Warren Sheppard 1858-1937
Star Island, Isles of Shoals
- 14 x 12 inches (35.5 x 30.4 cm)
- Oil on canvas
- Signed and dated lower left: Warren Sheppard 1881
Why We Love It
Star Island, Isles of Shoals is a fine example of Sheppard’s great love and respect for the sea. As an expert navigator and yachtsman, Sheppard had a deep reverence for the ocean and understood how to capture both its beauty and the uncertainty it held. His understanding of the forces of nature and power of the ocean helped him to create a work that at once expresses the beauty and might of the sea.
Painted in 1881, this work is in excellent condition and has its original frame. It is a wonderful and affordable marine painting by an artist highly respected and regarded in his lifetime. Indeed, Sheppard painted some of the most lavish yachts of his day. Then as now those works were lauded for their authenticity and artistic merit.
1858: Born in Greenwich, New Jersey. His father was a sea captain. Studied at Cooper Union as well as with the Dutch marine artist, Mauritz de Haas; 1979: Spent four months sketching Mediterranean port cities, including Gibraltar, Genoa, Naples, and Messina in Sicily; 1880-1899: Exhibited at the National Academy of Design; 1884: Exhibited in the Denver Exposition; 1888-93: Studied painting in Venice and Paris; 1904: Exhibited at the St. Louis Exposition; 1937: Died in Brooklyn, New York.
Star Island, Isles of Shoals is a fine example of Warren Sheppard’s great love and respect for the sea. As an expert navigator and yachtsman, Sheppard had a deep reverence for the ocean and understood how to capture both its beauty and the uncertainty it held. In Star Island, Isles of Shoals Sheppard organizes the composition in an original fashion by almost bisecting it. He gives great emphasis to the beauty of the tranquil sky yet creates a sense of rapid movement in his rendering of the wind-filled sails and crashing waves on the jetty. In the hands of a lesser painter, the disjunction might not have worked, but Sheppard manages to unite the composition in his careful attention to the details. His understanding of the forces of nature and power of the ocean helped him to create a work that at once expresses the beauty and might of the sea.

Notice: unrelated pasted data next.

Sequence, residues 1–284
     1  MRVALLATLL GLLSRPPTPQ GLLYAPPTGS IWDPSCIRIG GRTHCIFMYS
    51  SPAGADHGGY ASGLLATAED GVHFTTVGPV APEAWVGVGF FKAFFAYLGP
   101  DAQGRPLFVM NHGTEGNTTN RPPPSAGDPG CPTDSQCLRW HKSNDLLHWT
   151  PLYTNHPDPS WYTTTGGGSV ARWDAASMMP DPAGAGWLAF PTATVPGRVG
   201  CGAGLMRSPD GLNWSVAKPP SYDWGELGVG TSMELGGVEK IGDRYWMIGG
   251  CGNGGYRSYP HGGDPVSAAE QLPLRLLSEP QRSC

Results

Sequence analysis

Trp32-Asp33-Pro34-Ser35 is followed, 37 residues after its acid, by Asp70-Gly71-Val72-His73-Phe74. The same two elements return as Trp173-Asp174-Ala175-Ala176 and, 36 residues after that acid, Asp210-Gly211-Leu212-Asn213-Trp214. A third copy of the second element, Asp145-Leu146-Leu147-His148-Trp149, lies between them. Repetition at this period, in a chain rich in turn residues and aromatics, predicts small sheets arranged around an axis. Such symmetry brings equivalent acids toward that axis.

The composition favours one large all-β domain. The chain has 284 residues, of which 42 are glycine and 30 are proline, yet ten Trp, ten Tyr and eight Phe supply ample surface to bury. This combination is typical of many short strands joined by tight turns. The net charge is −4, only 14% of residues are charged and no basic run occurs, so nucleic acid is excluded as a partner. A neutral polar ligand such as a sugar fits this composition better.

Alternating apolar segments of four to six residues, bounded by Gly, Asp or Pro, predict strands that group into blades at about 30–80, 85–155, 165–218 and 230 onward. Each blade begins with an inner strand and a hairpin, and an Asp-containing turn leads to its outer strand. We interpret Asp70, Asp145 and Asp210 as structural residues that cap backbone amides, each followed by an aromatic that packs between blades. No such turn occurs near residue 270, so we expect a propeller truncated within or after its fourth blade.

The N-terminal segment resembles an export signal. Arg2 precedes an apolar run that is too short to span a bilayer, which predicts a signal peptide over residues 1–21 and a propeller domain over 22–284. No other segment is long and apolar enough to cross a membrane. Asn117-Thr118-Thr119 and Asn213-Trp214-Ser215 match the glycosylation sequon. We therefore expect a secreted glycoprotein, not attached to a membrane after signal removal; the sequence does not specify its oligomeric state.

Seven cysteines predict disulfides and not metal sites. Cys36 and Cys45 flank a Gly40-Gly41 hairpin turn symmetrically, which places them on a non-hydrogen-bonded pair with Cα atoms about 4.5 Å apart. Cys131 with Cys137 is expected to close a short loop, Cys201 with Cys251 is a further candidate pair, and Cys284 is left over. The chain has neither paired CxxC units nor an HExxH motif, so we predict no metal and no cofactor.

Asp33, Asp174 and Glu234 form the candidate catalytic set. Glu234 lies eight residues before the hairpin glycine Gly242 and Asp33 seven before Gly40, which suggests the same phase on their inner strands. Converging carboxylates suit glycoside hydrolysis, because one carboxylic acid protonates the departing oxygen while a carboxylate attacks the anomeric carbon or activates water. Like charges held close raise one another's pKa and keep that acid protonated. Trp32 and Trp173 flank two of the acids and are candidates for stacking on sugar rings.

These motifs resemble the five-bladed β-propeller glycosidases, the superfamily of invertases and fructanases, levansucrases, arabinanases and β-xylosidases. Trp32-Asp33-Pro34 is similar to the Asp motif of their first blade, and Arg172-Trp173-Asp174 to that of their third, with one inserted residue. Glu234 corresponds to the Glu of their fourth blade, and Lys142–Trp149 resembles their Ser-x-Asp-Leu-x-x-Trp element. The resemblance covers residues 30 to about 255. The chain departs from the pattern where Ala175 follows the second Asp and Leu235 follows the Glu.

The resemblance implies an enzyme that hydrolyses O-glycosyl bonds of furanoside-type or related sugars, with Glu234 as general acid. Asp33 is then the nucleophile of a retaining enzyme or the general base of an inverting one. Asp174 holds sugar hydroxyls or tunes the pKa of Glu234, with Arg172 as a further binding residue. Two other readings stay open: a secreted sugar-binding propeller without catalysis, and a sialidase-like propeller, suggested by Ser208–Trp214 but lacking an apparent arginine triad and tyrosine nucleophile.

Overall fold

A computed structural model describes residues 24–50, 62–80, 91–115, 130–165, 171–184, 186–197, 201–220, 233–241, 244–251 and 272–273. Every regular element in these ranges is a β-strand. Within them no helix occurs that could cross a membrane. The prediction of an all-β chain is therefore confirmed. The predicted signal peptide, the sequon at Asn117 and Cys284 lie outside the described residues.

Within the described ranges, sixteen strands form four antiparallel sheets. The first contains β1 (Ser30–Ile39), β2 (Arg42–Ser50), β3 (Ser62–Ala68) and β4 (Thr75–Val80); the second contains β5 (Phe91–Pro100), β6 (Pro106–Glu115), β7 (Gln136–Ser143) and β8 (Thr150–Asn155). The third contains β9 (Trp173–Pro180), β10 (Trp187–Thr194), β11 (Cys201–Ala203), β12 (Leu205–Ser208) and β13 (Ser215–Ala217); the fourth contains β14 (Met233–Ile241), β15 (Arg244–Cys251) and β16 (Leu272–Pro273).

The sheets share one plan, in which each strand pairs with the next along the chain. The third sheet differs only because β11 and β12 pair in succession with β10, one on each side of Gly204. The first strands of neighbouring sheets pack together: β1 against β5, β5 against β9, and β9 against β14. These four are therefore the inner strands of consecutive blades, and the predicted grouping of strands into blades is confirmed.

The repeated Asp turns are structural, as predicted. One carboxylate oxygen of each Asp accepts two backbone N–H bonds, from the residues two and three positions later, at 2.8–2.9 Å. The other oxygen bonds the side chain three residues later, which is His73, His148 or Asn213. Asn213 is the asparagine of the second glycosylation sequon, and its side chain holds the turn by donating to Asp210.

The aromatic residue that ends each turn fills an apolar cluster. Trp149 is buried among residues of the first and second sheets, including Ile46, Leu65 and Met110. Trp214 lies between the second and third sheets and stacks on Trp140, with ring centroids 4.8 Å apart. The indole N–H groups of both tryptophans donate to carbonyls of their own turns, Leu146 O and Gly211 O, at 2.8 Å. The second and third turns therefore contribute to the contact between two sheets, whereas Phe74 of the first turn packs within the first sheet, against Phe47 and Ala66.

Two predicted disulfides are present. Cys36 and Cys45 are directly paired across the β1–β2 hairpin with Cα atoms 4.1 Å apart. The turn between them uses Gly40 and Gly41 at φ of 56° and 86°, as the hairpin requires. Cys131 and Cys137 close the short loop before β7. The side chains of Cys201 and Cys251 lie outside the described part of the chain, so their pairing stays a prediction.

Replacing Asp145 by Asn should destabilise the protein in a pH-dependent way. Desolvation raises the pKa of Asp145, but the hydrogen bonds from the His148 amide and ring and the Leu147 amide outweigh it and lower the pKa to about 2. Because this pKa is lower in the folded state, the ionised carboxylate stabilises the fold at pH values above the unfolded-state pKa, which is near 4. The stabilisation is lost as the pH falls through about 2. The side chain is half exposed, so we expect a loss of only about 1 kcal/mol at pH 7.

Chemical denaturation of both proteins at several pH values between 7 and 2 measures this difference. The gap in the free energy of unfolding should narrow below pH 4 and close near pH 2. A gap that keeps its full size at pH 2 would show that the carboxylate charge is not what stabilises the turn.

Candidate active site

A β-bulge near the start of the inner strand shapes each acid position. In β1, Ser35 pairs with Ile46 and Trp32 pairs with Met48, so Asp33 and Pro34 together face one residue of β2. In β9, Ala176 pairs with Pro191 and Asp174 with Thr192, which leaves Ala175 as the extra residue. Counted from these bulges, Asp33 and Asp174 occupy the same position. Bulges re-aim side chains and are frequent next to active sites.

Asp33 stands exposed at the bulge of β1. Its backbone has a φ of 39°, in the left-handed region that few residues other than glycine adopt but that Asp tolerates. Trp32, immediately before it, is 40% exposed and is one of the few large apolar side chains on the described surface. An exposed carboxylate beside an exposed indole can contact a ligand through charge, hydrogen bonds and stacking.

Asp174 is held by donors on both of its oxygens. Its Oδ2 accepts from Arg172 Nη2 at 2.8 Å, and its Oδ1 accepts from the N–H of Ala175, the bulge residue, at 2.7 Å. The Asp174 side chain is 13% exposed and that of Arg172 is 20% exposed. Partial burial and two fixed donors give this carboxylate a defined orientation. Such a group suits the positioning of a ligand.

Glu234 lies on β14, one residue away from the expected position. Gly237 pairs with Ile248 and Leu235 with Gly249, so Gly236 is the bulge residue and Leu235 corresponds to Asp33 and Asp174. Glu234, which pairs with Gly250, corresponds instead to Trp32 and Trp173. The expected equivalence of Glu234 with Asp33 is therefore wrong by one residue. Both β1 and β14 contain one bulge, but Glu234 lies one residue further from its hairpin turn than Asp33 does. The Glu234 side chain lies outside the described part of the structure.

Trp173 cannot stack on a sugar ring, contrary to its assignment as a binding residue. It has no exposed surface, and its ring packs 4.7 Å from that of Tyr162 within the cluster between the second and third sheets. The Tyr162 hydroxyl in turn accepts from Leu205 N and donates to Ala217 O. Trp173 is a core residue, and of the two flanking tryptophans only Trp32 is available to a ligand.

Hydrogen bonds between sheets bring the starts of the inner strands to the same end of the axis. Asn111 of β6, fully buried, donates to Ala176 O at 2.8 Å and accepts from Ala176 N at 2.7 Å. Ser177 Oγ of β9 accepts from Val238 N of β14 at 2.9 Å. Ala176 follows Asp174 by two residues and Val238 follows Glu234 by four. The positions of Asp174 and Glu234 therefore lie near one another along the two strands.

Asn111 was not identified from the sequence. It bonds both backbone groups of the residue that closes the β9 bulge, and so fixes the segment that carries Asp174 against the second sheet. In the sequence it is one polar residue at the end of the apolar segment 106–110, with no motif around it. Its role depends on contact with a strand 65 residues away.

Warren Sheppard was born in 1856 in Greenwich, New Jersey –– a town long associated with ships and the shipping industry. Sheppard’s father was the captain of a lumber ship, and at an early age he instilled in his son a love for the sea. Sheppard often accompanied his father on trips in order to study the sea and her many moods.
Sheppard’s formal art training began at the Cooper Union in New York. Eventually he came to study with the Dutch maritime artist Mauritz Frederick Hendrick de Haas, from whom he learned the art of maritime painting. He worked closely with De Haas, learning the techniques necessary to capturing the power of the sea.
In 1879 he traveled to the Mediterranean coast and sketched ports in the cities of Genoa, Naples, and Messina. From 1888 to 1893 Sheppard was in Paris and Venice. By this time he had already established himself as a successful painter. His scenes of Venice are some of his finest and most popular mature works.
In addition to painting the sea, Sheppard was no stranger to sailing it. He designed a large yacht for himself and also captained other vessels. Twice he was in command of Frank Maier’s Tamerlane when it won the New-York-to-Bermuda race. He also wrote the book Practical Navigation, which was a standard textbook for the United States Navy for many years.
Today Warren Sheppard’s work is included in the collections of the Mystic Seaport Museum, the Peabody Museum, India House, the Toledo Museum of Art, and the Addison Gallery of American Art.